Another way to get a good sample is to use an oil-sampling valve, Hurtado says. The valve is typically installed in an engine oil passage just before the flow reaches the filter. A plug is often installed in the block right where the valve will be screwed in, making installation easy. Consult your engine dealer about where to install. Once the engine is hot, leave it running. All you have to do is briefly open the valve to get a good sample.
Reading the report
Once the lab performs the analysis on your sample, it will fax or mail you the report. Dan Arcy, product marketing manager, Shell Lubricants, told us how to read the report. “Don’t try to look at the detail numbers in the report first,” says Arcy, “because they can be very intimidating.”
1. Find a box giving a one-word summation of findings. On Shell’s report, it’s called the Status box and it’s in the top right corner of the report. You’ll see “normal,” “abnormal” or “critical.” In the second case, corrective action should be taken promptly, and with critical situations the truck should be brought in immediately for work.
2. Find a box detailing any recommended maintenance actions. Shell reports put this in a large area just below two lines that identify the engine and vehicle. On Shell reports, it reads, “Maintenance recommendations for lab no.” This part of the report tells you in plain language what the analysis found. It might describe the analysis results as “acceptable” or send up a red flag, saying, “analysis indicates critical component and lubricant conditions.” Further detail would then include mention of a problem such as fuel system leaks allowing fuel to dilute the oil, reducing viscosity and additive levels.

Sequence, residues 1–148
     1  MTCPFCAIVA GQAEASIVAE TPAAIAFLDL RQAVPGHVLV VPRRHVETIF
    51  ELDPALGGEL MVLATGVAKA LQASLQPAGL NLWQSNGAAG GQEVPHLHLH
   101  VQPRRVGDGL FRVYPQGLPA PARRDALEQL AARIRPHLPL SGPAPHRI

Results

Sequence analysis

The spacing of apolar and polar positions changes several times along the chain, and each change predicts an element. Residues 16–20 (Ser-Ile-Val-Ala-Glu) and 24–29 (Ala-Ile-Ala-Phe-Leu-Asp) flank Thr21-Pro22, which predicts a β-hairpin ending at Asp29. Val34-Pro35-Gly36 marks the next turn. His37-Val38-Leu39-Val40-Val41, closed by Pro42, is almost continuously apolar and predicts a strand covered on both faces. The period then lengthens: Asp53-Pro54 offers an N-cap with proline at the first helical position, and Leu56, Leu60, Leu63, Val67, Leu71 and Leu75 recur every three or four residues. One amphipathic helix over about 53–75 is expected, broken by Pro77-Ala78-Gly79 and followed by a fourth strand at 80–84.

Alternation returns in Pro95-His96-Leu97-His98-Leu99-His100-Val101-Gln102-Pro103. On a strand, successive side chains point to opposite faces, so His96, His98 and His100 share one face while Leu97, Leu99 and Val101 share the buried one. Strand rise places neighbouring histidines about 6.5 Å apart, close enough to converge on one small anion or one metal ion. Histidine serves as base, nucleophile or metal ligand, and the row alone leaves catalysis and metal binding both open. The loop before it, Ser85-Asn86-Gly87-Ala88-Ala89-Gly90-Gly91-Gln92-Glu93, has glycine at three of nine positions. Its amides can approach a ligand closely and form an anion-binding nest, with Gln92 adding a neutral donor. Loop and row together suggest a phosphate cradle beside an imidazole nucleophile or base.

3. Finally, you’ll find a large box listing the numerical results of the analysis. On Shell reports, it’s labeled “Spectrochemical analysis in parts per million by weight.” The metals are listed in a logical order – for example, in Shell reports, listing wear metals first, then contaminant metals and finally, additive metals. Wear metals are worn off engine parts. Contaminant metals refer to items like dust, which enters the engine through leaky air intake parts and are foreign to the engine environment. Finally, additive metals are listed – such as those keeping the Total Base Number, or acid-fighting ability of the oil, up to snuff. Finally, contaminants such as fuel soot, fuel, glycol and other non-metallic contaminants, as well as measurements such as viscosity, will be listed.
What do the numbers mean? As Darcy says, “Trending is what’s important. Something changes, and you’ll notice.” Shell and most others typically list the last three to five reports with the most recent at the bottom. If the numbers jump up or down significantly, you have a problem; otherwise, you don’t.
If measuring results from increased change intervals, keep in mind that, prior to a change, wear metals rise directly in proportion to the miles. So, if increasing the change interval from 15,000 miles to 20,000, a 33-percent increase in concentration of a wear metal would be perfectly normal and indicate no deterioration in engine protection. But if wear metals had increased a given amount each 5,000 miles up through 20,000 miles, and then moved up at a greater rate from 20,000 to 25,000 miles, you should change after 20,000 miles.